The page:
What is the role of medications in axillary hyperhidrosis treatment?

Updated: Feb 12, 2019
  • Author: Richard H S Karpinski, MD, FACS; Chief Editor: Gregory Gary Caputy, MD, PhD, FICS  more...
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Administration of anticholinergic agents and beta-blockers can be quite helpful in mild cases of hyperhidrosis. Glycopyrronium bromide (Robinul), atropine, propranolol, and a host of anxiolytic (eg, Klonopin) and psychotherapeutic (eg, Prozac) medications have been used in the treatment of this disorder, with varying degrees of success.

Based on two replicate randomized, double-blind, vehicle-controlled, 4-week, phase 3 trials (ATMOS-1 and ATMOS-2), Glaser et al reported that primary axillary hyperhidrosis can be effectively treated topically with glycopyrronium tosylate 3.75%, administered daily. The severity of sweating, as assessed using the Axillary Sweating Daily Diary, and the production of sweat, as evaluated gravimetrically, were both reduced over the 4-week period. [9] In June 2018, the US Food and Drug Administration approved glycopyrronium tosylate 2.4% (Qbrexza) for the topical management of primary axillary hyperhidrosis in adults and in children aged 9 years or older. [10]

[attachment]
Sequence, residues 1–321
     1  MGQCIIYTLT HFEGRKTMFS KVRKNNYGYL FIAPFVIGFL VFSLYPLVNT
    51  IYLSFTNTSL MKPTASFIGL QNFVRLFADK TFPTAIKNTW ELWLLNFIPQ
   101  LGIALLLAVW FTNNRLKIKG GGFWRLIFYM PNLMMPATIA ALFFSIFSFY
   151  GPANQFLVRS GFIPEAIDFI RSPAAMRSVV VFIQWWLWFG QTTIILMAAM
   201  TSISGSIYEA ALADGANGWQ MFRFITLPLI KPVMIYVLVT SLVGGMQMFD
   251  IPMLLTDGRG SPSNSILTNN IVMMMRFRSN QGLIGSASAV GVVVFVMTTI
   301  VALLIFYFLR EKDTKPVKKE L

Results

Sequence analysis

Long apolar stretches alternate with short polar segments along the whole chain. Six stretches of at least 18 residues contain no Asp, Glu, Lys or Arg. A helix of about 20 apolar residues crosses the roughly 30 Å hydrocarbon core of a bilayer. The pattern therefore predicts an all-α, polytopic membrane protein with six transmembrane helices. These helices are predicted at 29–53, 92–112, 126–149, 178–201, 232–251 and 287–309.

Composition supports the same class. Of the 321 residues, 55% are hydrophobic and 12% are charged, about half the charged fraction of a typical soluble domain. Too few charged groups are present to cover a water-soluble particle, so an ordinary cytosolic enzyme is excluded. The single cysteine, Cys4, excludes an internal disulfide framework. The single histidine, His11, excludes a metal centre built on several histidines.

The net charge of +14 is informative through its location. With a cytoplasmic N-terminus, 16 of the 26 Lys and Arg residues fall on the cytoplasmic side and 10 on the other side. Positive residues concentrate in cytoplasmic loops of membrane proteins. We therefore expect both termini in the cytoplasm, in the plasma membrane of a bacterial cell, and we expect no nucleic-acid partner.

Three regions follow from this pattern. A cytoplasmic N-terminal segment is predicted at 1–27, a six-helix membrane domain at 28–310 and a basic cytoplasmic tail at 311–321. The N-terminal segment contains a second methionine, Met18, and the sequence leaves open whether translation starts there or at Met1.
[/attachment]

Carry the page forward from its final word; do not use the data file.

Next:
Unfortunately, in all but the mildest cases of hyperhidrosis, the doses of medications required to truly control abnormal sweating often cause significant adverse effects, including drowsiness, dry mouth, dilated pupils, photophobia, blurred vision, acute glaucoma, impaired micturition, reduced bronchial secretions, constipation, confusion, nausea, vomiting, giddiness, tachycardia, palpitations, and arrhythmias. Thus, many patients are forced to discontinue this avenue of treatment.

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